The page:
I’ve blogged how taxes sold as only affecting “the rich” eventually make its way to the lower/middle class, and I’m not just talking about through higher prices. I mean actual cash sent in to the government. A perfect example is the tax on social security benefits. Yes, the benefits you’ve earned through paying social security taxes your whole life are taxed yet again when you receive them. Of course, this only applies if you’re a member of “the rich,” at least that is how it was slipped past voters into law. So, what is considered rich?–if you have combined income (i.e. social security, employment, etc.) that exceeds $34,000 for singles, or $44,000 for a married couple. The actual calculation is purposely so complex that the average person can’t easily picture the taxable amount, but the point is, would you consider a married couple with $44,000 income rich?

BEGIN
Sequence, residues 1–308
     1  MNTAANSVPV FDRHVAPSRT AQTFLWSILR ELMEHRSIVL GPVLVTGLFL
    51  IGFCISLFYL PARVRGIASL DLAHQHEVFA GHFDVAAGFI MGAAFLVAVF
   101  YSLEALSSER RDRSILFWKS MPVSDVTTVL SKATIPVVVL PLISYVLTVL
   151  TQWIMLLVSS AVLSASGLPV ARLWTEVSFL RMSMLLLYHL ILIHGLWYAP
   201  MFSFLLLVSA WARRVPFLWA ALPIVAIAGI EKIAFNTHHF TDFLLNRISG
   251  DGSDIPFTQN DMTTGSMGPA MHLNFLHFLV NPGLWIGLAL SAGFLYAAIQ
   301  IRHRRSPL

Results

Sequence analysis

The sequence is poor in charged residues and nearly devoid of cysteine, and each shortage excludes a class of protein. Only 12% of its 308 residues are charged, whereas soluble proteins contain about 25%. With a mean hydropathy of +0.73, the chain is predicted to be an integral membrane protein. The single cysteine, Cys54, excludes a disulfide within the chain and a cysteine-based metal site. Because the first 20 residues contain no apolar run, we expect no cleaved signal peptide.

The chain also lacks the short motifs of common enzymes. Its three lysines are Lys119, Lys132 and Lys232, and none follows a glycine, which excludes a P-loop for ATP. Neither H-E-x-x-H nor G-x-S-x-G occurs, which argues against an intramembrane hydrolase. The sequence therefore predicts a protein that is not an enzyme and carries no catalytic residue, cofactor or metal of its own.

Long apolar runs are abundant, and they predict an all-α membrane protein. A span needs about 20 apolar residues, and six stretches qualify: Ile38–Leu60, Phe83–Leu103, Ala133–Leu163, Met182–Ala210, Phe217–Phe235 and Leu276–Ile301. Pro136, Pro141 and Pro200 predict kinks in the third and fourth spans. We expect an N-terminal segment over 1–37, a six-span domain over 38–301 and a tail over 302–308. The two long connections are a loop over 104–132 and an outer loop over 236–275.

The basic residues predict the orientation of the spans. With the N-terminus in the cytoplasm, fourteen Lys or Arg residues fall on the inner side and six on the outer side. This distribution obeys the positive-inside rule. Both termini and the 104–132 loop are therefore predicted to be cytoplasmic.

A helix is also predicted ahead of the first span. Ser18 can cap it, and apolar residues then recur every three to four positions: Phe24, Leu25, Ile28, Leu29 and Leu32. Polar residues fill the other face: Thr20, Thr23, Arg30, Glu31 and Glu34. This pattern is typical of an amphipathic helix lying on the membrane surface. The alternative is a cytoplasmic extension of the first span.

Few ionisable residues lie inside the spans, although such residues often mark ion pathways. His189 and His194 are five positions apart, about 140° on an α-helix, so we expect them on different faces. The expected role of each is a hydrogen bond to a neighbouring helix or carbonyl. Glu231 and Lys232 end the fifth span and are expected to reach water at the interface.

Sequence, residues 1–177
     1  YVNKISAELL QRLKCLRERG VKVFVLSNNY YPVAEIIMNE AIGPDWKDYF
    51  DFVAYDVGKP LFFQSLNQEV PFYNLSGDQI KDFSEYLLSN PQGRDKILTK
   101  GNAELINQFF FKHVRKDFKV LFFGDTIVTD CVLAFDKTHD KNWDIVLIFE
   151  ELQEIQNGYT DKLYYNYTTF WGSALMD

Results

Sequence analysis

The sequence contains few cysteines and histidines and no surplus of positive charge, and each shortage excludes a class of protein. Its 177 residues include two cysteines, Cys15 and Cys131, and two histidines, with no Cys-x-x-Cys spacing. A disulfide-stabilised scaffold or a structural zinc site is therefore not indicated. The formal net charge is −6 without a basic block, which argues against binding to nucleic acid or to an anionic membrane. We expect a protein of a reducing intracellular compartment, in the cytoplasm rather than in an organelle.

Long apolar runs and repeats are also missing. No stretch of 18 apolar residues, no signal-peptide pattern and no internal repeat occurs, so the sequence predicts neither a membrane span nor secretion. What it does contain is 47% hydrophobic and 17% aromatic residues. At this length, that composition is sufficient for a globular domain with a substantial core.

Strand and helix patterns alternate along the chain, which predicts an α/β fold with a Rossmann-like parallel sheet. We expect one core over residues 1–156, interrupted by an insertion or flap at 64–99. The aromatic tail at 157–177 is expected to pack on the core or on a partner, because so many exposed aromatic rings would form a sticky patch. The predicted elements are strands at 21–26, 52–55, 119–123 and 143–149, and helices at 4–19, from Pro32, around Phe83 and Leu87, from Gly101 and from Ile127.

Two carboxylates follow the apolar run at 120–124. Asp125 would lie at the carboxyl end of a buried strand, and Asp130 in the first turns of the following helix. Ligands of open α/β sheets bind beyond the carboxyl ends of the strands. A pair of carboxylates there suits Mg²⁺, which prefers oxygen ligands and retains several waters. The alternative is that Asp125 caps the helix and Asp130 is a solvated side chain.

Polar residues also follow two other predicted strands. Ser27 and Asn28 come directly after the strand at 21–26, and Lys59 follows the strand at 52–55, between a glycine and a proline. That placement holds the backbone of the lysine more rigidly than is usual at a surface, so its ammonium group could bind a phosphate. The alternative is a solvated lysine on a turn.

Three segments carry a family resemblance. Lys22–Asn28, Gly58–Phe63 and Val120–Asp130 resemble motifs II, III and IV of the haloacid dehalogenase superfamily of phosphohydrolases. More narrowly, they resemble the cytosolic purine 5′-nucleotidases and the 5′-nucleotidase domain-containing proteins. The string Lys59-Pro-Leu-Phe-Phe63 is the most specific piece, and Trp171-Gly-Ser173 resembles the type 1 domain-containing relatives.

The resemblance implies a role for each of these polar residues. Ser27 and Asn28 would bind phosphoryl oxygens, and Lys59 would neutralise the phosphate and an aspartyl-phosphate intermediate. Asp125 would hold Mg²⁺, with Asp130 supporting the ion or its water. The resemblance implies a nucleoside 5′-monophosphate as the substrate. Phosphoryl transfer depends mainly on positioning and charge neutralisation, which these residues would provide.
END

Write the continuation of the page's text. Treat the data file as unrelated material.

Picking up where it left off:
Believe it or not, a threshold that a senior greeter at Walmart can now easily beat was once considered fairly high, but government used one of its oldest tricks in the book, it didn’t index the threshold for inflation. As the U.S. Dollar has plummetted in value, the lower/middle class now is subect to the taxes. It’s difficult to comprehend, but if the inflation rate of the last two years continues, in only 12-15 years, a McDonald’s worker will be earning $100,000 but will be unable to buy anything more than he/she already does today. Remember that the next time a politician purposes some new “tax on the rich” buried in a 2000-page bill, using a formula involving dozens of numbers and calculations.